Credit Suisse Pressure Increases With Enabler’s PleaDavid Voreacos
The founder of a Swiss trust pleaded guilty to helping Americans evade taxes and said Credit Suisse Group AG was involved in the scheme, adding to pressure on the bank as it tries to resolve a U.S. criminal probe.
Josef Dorig, 72, said in federal court in Alexandria, Virginia, that he helped the bank’s U.S. clients cheat the Internal Revenue Service by hiding the owners of accounts through phony trusts and foundations. He was indicted in 2011 with seven Credit Suisse bankers on a charge of conspiring to hide $4 billion from the IRS. The U.S. told Credit Suisse then that it was a target of the probe.
Dorig is cooperating with prosecutors probing Zurich-based Credit Suisse, the largest of 14 Swiss banks under U.S. criminal investigation amid a crackdown on offshore tax evasion. The bank has said it’s trying to negotiate a resolution with the U.S. Former Credit Suisse banker Andreas Bachmann, who pleaded guilty on March 12, also is cooperating in the probe.
“Today’s plea further pulls back the curtain on efforts by Swiss banks to help U.S. taxpayers evade taxes through the use of sham trusts and foundations,” Deputy Attorney General James Cole said in a statement.
Dorig, who worked at Credit Suisse or its units from 1961 to 1997, helped set up structures like foundations, trusts and companies. They supposedly owned accounts which were actually controlled by U.S. clients, he said.
In 1997, the subsidiary where he worked spun off the structures linked to undeclared accounts to a new trust company controlled by Dorig. Credit Suisse bankers then referred U.S. clients seeking to avoid domestic taxes to Dorig Partner AG. Despite the obfuscation, Credit Suisse recorded the real owners of accounts, Dorig said.
“It was Dorig’s role to create a paper trail that made it appear the structure operated independently and the U.S. person who owned the assets in the undeclared account linked to the structure had no control over the assets,” according to a 17-page statement of facts. “In truth, Dorig regularly acted at the direction of the U.S. person who owned the assets.”
Dorig implicated several bankers under indictment, including Markus Walder, former head of North American offshore banking; Susanne Ruegg-Meier, a former member of senior management in cross-border banking; and Roger Schaerer, who worked in the bank’s New York office and was a senior manager. They have not responded to the 2011 indictment.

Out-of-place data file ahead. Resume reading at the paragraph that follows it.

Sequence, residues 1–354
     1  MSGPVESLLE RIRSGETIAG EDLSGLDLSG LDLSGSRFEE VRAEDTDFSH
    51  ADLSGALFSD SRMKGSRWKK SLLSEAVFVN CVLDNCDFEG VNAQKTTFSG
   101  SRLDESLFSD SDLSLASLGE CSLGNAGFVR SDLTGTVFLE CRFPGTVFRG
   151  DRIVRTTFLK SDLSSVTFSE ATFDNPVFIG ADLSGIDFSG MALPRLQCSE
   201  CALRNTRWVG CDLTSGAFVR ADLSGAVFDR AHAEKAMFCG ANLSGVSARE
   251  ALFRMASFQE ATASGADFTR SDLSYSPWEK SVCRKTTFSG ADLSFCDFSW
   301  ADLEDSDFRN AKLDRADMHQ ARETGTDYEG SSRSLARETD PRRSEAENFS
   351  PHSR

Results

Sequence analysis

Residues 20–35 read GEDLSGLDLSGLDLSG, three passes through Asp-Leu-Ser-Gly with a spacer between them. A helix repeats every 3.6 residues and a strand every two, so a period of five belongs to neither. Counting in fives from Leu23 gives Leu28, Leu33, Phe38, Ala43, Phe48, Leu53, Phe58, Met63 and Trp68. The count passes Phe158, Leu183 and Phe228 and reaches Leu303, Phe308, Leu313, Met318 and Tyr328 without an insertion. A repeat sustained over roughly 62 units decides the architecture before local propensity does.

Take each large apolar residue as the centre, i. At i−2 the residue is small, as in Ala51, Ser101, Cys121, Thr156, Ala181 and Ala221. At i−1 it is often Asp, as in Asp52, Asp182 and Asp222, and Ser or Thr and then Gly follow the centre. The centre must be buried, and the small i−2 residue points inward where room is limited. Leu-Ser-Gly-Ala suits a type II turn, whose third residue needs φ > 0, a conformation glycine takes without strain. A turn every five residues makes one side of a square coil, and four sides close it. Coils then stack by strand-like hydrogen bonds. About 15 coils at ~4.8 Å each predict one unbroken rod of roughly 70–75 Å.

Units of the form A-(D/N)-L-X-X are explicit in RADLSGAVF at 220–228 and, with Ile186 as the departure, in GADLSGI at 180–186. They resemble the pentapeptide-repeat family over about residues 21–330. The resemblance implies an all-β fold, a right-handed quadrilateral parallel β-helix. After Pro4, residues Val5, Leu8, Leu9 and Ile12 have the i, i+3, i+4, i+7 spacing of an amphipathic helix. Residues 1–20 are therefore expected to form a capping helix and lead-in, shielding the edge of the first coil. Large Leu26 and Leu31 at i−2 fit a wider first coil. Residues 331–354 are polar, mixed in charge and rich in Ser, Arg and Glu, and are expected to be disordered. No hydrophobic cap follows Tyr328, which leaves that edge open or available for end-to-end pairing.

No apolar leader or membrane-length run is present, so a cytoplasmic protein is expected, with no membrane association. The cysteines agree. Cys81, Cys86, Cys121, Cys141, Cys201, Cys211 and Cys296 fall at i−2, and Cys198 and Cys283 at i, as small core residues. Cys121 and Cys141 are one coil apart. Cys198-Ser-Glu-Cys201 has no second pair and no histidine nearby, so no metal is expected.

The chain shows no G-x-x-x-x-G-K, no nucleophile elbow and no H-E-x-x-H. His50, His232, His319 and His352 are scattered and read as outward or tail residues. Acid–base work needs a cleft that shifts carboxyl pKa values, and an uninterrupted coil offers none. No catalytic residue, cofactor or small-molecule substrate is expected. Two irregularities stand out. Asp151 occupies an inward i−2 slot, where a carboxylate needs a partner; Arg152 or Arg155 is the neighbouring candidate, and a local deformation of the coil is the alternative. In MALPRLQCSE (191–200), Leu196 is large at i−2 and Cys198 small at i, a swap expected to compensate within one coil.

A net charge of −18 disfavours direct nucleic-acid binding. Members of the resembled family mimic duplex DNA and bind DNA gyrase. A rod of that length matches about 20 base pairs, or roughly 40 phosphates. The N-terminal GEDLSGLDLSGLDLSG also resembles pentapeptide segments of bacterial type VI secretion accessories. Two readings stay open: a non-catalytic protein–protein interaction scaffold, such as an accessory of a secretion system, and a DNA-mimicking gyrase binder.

Dorig, a citizen of Switzerland and Italy, said he went to Miami, Beverly Hills, California, and other U.S. cities with Credit Suisse bankers to help U.S. clients set up the structures. After he set up the structures, clients visited Credit Suisse bankers in Zurich for cash. Between 2004 and 2008, one client took out $30,000 in cash on one trip, $11,000 on another, $50,000 on a third, and then $55,000, Dorig said.
Walder and Ruegg-Meier signed a contract in 2005 that required Dorig to pay a referral fee to Credit Suisse for clients. The bank terminated the deal in 2008, when Walder told him the bank would no longer maintain undeclared accounts. At that point, the U.S. was stepping up its offshore crackdown.
Dorig said he arranged with a Swiss financial services firm to transfer the undeclared accounts at Credit Suisse, a subsidiary, and another bank to a Gibraltar bank. The Swiss firm had a master account and numbered sub-accounts at the Gibraltar bank. Dorig said he transferred 55 undeclared accounts with $130 million in assets in 2008 and 2009. He also told those clients to voluntarily disclose their undeclared assets to the IRS and avoid prosecution, according to the statement of facts.
The Gibraltar bank, which put Dorig on its board, didn’t know the accounts were undeclared, he said. When it first asked in March 2011 about the ownership of the sub-accounts, Dorig said he told the bank that people who owned them were trying to enter an IRS program that offered immunity from prosecution in exchange for repayment of back taxes, fines, penalties and information on what offshore banks helped them. About 43,000 U.S. taxpayers took advantage of the program.
Since 2009, the U.S. charged more than 70 U.S. taxpayers and about three dozen offshore bankers, lawyers and advisers with using undeclared accounts to cheat the IRS. A handful of offshore enablers have come to the U.S. to plead guilty. The rest are wanted.
Bachmann admitted his guilt after the Senate Permanent Subcommittee on Investigations said in a report that Credit Suisse helped 22,000 Americans hide as much as $10 billion from the IRS. Chief Executive Officer Brady Dougan apologized to the panel at a Feb. 26 hearing, saying a small group of Swiss-based bankers appear to have broken U.S. law and fooled top managers.
He said bankers worked with outside intermediaries to help U.S. clients set up offshore shell companies with money deposited at Credit Suisse in the names of the entities rather than the clients. Such conduct was egregious, Dougan said.
Credit Suisse said April 3 that it increased reserves to 720 million francs ($818 million) to resolve the U.S. case. The bank also agreed Feb. 21 to pay $197 million to the U.S. Securities and Exchange Commission for providing cross-border securities services to thousands of Americans without registering to conduct the business.
In pleading guilty, Bachmann admitted he conspired with Dorig to help U.S. customers open secret accounts. Credit Suisse said in 1997 it was “too risky” for Dorig to form such entities within the bank. Instead, the bank “announced that the formation and management of nominee tax havens should be done from outside,” Bachmann said.
Before his arrest yesterday, Dorig hadn’t appeared in Alexandria to respond to the charges. He is free on $150,000 bail. U.S. District Judge Gerald Lee set sentencing for Aug. 8.
The case is U.S. v. Walder, 11-cr-00095, U.S. District Court, Eastern District of Virginia (Alexandria).